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California Attorney General Xavier Becerra. Photo: Stephen Lam/Getty Images

Lawsuits challenging the Trump administration’s plan to ask about citizenship status during the 2020 census are being allowed by federal judges to move forward, dealing a blow to the federal government.

Why it matters: As the suits to remove the question make their way through courts in New York, Maryland and California, they could complicate preparation for the United States' constitutionally-mandated nationwide decennial count.

The key arguments: The Commerce Department, which oversees the Census Bureau, said that reinstating the question, which hasn’t been asked on the nation's standard census form since 1950, would provide better citizenship data to enforce the Voting Rights Act against racial discrimination.

  • But critics described the administration’s move as a ploy that would discourage non-citizens from responding, pointing to President Trump’s anti-immigration sentiments and policies. A less accurate count, they added, would affect apportioned seats in the House and and could skew the distribution of federal funding and other grants.

The backdrop: Government emails and memos disclosed as part of one of the ongoing suits in New York revealed glaring contradicting accounts of initial statements made by officials on how they reached the decision to include the question.

  • Commerce Secretary Wilbur Ross delivered sworn testimony before the House Ways and Means Committee in March, telling lawmakers that the request for the question was initiated by the Justice Department in December 2017.
  • But the recent disclosure of internal records shows that senior administration officials, including former White House chief strategist Stephen K. Bannon, had begun pushing for the question just months after taking office.
Where the cases now stand

New York: U.S. District Judge Jesse Furman cleared the way for two related suits to move forward in July with a potential trial that could begin in October. He rejected the government's argument that the court lacks jurisdiction on the census issue, writing that there’s evidence the administration acted in "bad faith."

  • One of the suits was filed in April by dozens of localities. In June, advocacy groups, including the New York Immigration Coalition, filed another challenge.

California: A San Francisco federal court judge last week rejected the federal government’s dismissal motions against two related lawsuits. A potential trial there would begin in January.

  • California was the first state to challenge the administration’s decision. Four other cities in the state later joined. The other suit is led by the D.C-based Lawyers’ Committee for Civil Rights Under Law on behalf of the City of San Jose, California and the Black Alliance for Just Immigration.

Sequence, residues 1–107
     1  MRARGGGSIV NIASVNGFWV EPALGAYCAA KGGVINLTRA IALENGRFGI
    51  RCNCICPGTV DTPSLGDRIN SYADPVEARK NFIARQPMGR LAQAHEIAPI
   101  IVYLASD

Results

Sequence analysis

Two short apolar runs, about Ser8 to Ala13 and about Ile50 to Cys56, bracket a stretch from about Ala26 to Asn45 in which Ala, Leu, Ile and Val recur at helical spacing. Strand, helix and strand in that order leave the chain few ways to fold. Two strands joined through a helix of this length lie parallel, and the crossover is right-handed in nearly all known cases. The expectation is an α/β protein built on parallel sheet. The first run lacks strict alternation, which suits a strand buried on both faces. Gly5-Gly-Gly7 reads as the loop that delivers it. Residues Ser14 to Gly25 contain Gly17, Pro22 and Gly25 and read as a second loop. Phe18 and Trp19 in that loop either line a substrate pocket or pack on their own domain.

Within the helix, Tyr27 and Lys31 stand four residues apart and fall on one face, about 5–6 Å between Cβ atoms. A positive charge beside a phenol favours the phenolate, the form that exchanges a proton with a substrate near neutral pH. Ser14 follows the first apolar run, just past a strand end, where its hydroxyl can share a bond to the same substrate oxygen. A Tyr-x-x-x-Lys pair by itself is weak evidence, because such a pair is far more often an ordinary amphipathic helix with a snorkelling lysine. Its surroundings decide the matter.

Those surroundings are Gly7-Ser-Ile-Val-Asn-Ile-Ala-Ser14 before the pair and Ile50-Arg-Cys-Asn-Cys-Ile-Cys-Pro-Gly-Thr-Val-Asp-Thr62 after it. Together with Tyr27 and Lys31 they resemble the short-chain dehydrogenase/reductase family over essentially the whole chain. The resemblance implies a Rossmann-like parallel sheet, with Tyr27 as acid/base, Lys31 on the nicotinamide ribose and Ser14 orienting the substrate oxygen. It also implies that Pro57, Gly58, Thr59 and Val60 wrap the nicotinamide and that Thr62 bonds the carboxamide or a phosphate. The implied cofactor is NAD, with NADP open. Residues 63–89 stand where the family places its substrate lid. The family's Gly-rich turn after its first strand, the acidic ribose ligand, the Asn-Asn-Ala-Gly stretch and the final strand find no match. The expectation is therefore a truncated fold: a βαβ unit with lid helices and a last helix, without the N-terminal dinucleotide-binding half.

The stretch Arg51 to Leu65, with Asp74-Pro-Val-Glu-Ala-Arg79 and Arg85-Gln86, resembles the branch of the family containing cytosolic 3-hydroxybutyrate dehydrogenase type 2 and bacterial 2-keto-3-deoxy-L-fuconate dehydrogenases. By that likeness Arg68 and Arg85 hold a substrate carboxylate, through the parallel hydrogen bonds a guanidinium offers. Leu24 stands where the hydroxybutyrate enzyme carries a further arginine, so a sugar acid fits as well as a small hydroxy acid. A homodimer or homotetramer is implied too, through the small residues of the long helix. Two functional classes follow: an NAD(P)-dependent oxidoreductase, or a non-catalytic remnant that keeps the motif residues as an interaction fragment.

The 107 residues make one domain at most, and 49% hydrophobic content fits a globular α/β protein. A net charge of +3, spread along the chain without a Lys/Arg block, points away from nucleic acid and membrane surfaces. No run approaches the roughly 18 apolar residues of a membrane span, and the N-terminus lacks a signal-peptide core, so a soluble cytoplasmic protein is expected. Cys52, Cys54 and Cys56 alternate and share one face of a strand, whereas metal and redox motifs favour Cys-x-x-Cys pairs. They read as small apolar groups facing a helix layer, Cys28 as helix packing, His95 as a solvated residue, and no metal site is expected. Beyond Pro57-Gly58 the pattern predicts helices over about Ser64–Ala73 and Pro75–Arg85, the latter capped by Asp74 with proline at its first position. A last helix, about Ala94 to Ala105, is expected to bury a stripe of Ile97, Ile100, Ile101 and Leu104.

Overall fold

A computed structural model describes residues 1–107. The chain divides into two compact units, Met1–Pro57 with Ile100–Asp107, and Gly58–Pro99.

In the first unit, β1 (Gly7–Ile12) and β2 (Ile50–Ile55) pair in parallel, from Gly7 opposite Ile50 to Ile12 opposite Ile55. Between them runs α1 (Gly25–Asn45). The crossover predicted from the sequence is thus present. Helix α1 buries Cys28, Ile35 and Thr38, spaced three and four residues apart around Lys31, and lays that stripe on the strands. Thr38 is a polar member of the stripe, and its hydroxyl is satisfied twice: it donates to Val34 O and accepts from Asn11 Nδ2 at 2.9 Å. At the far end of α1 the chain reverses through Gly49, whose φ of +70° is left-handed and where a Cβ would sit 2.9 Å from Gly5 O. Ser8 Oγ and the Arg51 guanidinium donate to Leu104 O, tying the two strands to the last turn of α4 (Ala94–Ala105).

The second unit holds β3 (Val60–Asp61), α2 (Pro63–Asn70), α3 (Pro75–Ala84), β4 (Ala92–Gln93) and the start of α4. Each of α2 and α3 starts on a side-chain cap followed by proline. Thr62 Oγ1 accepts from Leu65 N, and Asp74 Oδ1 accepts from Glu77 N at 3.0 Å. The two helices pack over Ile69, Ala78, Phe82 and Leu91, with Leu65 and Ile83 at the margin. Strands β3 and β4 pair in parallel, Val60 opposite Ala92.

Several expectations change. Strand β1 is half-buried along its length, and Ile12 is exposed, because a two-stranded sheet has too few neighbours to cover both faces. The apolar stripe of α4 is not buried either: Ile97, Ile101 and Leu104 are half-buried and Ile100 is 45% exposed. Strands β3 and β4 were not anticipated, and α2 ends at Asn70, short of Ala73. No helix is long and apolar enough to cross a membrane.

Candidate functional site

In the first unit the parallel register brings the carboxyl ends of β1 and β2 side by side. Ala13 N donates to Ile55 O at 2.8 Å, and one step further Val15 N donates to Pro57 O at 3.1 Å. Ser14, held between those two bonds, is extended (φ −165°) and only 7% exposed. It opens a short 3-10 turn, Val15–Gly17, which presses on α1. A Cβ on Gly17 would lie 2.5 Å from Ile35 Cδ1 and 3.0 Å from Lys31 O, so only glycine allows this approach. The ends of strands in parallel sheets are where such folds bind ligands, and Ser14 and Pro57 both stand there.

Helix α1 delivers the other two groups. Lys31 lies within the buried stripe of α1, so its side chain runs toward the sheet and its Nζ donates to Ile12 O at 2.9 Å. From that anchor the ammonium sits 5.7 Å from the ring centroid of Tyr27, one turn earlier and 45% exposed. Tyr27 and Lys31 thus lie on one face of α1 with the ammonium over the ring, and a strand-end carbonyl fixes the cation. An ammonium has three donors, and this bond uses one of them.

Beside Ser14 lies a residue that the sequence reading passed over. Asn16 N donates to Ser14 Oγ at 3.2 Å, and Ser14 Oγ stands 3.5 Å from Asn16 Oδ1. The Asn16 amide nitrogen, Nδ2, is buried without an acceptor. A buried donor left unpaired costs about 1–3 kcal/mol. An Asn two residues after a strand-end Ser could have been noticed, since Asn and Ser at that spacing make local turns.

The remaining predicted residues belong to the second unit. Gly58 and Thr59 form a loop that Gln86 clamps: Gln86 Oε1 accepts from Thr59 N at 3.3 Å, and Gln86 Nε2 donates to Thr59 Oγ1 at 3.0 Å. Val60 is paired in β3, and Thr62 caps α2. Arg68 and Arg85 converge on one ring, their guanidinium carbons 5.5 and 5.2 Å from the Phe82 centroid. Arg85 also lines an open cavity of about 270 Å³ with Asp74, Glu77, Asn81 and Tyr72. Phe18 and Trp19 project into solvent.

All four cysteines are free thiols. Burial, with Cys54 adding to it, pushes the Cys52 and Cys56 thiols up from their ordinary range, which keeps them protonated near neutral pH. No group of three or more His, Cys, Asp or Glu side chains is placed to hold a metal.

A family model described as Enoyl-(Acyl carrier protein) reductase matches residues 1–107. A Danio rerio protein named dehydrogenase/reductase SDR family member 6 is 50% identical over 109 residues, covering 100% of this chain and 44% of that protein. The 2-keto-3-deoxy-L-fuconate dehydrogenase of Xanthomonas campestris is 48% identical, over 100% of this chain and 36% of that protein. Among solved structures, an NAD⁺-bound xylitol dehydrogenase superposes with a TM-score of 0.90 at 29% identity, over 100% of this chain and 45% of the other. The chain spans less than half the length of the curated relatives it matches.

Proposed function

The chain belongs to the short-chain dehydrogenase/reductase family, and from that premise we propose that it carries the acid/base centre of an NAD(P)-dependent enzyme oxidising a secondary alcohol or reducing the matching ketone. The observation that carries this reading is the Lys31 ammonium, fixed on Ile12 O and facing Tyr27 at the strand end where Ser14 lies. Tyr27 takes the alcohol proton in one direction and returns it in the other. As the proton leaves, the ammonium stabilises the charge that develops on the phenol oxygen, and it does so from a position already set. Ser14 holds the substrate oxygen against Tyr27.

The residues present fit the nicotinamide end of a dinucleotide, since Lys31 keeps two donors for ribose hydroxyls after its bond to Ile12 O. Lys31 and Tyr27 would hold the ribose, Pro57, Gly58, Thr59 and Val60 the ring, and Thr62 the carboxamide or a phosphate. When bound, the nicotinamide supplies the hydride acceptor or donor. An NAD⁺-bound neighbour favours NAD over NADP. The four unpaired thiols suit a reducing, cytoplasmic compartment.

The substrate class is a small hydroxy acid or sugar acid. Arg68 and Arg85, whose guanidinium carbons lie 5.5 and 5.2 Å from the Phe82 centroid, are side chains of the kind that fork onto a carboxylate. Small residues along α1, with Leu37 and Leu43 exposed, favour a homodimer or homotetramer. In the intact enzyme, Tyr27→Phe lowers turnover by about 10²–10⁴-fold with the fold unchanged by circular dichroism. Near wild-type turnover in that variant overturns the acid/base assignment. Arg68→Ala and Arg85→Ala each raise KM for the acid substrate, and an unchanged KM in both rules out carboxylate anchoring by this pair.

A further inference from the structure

Maryland: U.S. District Judge George Hazel, who allowed a suit to proceed this week, has not issued a timeline for when it will be argued in court.

  • The plaintiffs — individuals from Maryland, Arizona, Texas, Florida and Nevada — are being represented the law firm of former Attorney General Eric Holder.
  • Meanwhile, Hazel has given the government by the end of this week to file a motion to dismiss a similar suit led by a Texas-based group.

Go deeper

Axios-Ipsos poll: People of color face more environmental threats

Expand chart
Data: Axios/Ipsos poll; Note: ±2.5% margin of error; Chart: Sara Wise/Axios

Americans of color are much less likely than white Americans to experience good air quality or tap water or enough trees or green space in their communities, and they're more likely to face noise pollution and litter, a new Axios-Ipsos poll finds.

The big picture: Our national survey shows Black and Hispanic Americans are more likely than their white counterparts to live near major highways or industrial or manufacturing plants — and to have dealt in the past year with water-boil notices or power outages lasting more than 24 hours.

15 hours ago - Health

FDA advisory panel recommends Pfizer boosters for those 65 and older

A healthcare worker prepares a dose of the Pfizer-BioNTech Covid-19 vaccine at the Key Biscayne Community Center on Aug. 24, 2021. Photo: Eva Marie Uzcategui/Bloomberg via Getty Images

A key Food and Drug Administration advisory panel on Friday overwhelmingly voted against recommending Pfizer vaccine booster shots for younger Americans, but unanimously recommended approving the third shots for individuals 65 and older, as well as those at high-risk of severe COVID-19.

Why it matters: While the votes are non-binding, and the FDA must still make a final decision, Friday's move pours cold water on the Biden administration's plan to begin administering boosters to most individuals who received the Pfizer vaccine later this month.

16 hours ago - World

France recalls ambassadors from U.S. and Australia over submarine deal

Secretary of State Antony Blinken (L), French Foreign Minister Jean-Yves Le Drian (C), and French ambassador to the U.S. Philippe Etienne. Photo: Nicholas Kamm/AFP via Getty Images

France has taken the extraordinary step of recalling its ambassadors to the U.S. and Australia after both countries blindsided their French allies with a new military pact and submarine contract, the French Foreign Ministry announced on Friday.

The backstory: While sealing an agreement with the U.S. and U.K. to acquire nuclear submarines, Australia ripped up an existing $90 billion submarine deal with France. That led senior French officials to accuse the U.S. of a "stab in the back."